Not so much looking down as across..

Sunday, September 19, 2010

John Henry Newman - hardly a Cardinal rule.

John Henry Newman

I celebrate the fact that the Catholic Church is choosing to beatify John Henry Newman despite some obvious difficulties:
1. He spent exactly half his life as an Anglican criticizing the Catholic Church and the Pope.
2. He was almost certainly gay, although he almost certainly remained celibate.
3. He denied he was a saint and wanted to avoid veneration. He went to the extreme measure of having his body buried in special soil that dissolved the body leaving no fragment of the body and theoretically rendering his canonization technically impossible.
4. The miracle attributed to him seems even by the Churches admission to be based on the flimsiest of evidence.
5. He regarded his time in Ireland as a waste forced to resign in the end, even though he laid the foundation to University College Dublin, a resounding success over the past century. He got little support from the Irish Catholic Bishops who were suspicious of his means and motives and he did not see eye to eye with Cardinal Cullen.
6. He felt lonely and isolated in the Catholic Church complaining that all his real friends were still Anglican
7. He had many rows with the Vatican Authorities who regarded his theology with great suspicion and he was blacklisted up to his rehabilitation by the incoming Pope Leo XIII only two years before he died. He did not enjoy a great relationship with the English Catholic Primate, Cardinal Manning..
8. His view that the Church was represented as much by the people as by the hierarchy was rebuffed by Church Authorities until the advent of Vatican II which is regarded by many as ‘Newman’s Council’.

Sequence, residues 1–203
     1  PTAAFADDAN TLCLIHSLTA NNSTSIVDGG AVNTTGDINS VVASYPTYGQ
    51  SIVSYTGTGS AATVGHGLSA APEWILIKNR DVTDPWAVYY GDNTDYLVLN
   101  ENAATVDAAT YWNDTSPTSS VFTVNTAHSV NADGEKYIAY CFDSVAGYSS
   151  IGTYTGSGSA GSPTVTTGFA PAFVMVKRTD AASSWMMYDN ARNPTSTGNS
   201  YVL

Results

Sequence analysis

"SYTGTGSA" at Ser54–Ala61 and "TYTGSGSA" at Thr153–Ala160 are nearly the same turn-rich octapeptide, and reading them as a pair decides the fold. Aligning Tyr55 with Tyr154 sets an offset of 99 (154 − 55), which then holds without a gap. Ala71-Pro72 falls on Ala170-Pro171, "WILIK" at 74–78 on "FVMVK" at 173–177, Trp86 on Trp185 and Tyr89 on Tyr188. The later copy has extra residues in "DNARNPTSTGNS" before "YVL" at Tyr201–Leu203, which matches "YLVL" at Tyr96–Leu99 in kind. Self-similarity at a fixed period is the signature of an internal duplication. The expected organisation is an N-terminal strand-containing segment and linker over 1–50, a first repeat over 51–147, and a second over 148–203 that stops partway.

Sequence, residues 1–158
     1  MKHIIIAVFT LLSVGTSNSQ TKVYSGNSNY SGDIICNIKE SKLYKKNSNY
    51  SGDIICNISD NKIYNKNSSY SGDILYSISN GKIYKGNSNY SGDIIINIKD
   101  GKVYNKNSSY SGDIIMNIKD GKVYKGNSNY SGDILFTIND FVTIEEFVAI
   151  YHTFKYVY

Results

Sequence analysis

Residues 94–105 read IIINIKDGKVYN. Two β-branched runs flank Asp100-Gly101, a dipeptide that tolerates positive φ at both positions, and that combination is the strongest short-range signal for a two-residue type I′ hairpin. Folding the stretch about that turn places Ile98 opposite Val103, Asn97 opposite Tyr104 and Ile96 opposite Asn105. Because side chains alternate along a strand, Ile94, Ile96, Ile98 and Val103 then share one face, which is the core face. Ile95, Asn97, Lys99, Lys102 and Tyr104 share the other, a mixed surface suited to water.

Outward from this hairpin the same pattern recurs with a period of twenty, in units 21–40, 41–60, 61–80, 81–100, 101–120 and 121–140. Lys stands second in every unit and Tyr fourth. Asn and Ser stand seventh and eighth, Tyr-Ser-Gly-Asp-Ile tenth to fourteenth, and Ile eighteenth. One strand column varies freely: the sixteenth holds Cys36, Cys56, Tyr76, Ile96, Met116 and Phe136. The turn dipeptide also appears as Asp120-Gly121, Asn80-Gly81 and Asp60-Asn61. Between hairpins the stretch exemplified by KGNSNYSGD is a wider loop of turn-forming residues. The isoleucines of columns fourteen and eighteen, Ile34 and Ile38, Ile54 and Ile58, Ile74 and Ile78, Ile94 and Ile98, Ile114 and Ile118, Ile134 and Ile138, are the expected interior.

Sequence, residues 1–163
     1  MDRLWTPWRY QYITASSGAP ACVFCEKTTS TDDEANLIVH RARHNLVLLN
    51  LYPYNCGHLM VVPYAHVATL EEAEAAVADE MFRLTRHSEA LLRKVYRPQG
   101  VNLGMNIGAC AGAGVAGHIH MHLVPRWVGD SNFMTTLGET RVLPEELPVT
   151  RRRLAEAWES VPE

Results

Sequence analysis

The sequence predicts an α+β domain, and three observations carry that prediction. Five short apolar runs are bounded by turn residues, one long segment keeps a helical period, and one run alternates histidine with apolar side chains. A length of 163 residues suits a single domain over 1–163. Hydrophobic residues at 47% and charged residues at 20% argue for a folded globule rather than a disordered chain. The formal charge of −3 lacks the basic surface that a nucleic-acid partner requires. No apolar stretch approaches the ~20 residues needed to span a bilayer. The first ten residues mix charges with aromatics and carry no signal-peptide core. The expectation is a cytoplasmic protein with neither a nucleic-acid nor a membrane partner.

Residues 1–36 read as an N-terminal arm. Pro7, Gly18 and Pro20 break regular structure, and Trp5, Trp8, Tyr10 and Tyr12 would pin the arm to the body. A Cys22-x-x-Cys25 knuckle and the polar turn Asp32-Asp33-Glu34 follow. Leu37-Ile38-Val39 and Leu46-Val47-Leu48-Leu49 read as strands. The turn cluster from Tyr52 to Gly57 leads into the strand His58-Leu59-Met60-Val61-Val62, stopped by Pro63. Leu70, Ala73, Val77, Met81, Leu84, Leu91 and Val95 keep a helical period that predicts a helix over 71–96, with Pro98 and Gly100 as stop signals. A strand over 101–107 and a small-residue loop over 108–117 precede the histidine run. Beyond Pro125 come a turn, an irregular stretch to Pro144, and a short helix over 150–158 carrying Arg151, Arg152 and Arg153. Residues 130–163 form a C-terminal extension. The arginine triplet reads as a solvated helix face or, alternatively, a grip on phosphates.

9. He felt that conscience was to be obeyed above all and felt that the Church had become over reaching in its teaching and the infallibility of the Popes was being overstated

I believe that Newman is indeed a saint in laymen’s terms. He could be equally described as a Catholic or an Anglican saint. In any event I feel the differences between these two Churches are tiny compared to what unites them, even though they may choose not to see it that way.
I believe he was first and foremost a worker for civil rights. He fought long and hard and successfully for Catholics to be regarded as full citizens of Britain. Catholics today owe much to him.
I believe he was a great defender of the supreme court of conscience against those within and without the church who would choose to abuse us and pretend that conscience does not prevail.
I believe that there are many on all sides who would like to kidnap him for their own purpose, but if this has the effect of having people rediscover his original thoughts and writings, then all of this is good.
Very good indeed.


  1. I agree! It makes no odds who claims him, as long as his ideas of social justice take the forefront.

  2. Exactly, we need to revisit the ideals of good men especially in this climate, he should be celebrated for his civil rights actions alone.

  3. Thanks Ann, thanks Brigid, we are all three on the same page. Our generation has been freed to enjoy all the good stuff without worrying about the small and silly stuff. Ciao. P.

  4. What's the point of saints? (its cynical Monday on Planet Barbara)

  5. Very good question Barbara. In my newly acquired 'serene' state all I can offer on the matter is to say that a saint or the notion of saint may help some people along the road. I am very wary of the propoganda and airbrushing that often but not always follows their death. Most saints seemed to have struggled and muddled like the rest of us...

  6. Propaganda... that's my concern. I hope his name be remembered and respected only for what he advocated.


  7. I agree Doris. To be fair, he wrote enough to keep us on the straight and narrow. His 'Apologia pro vitae suae' remains one of the best written books of the nineteenth century, I believe.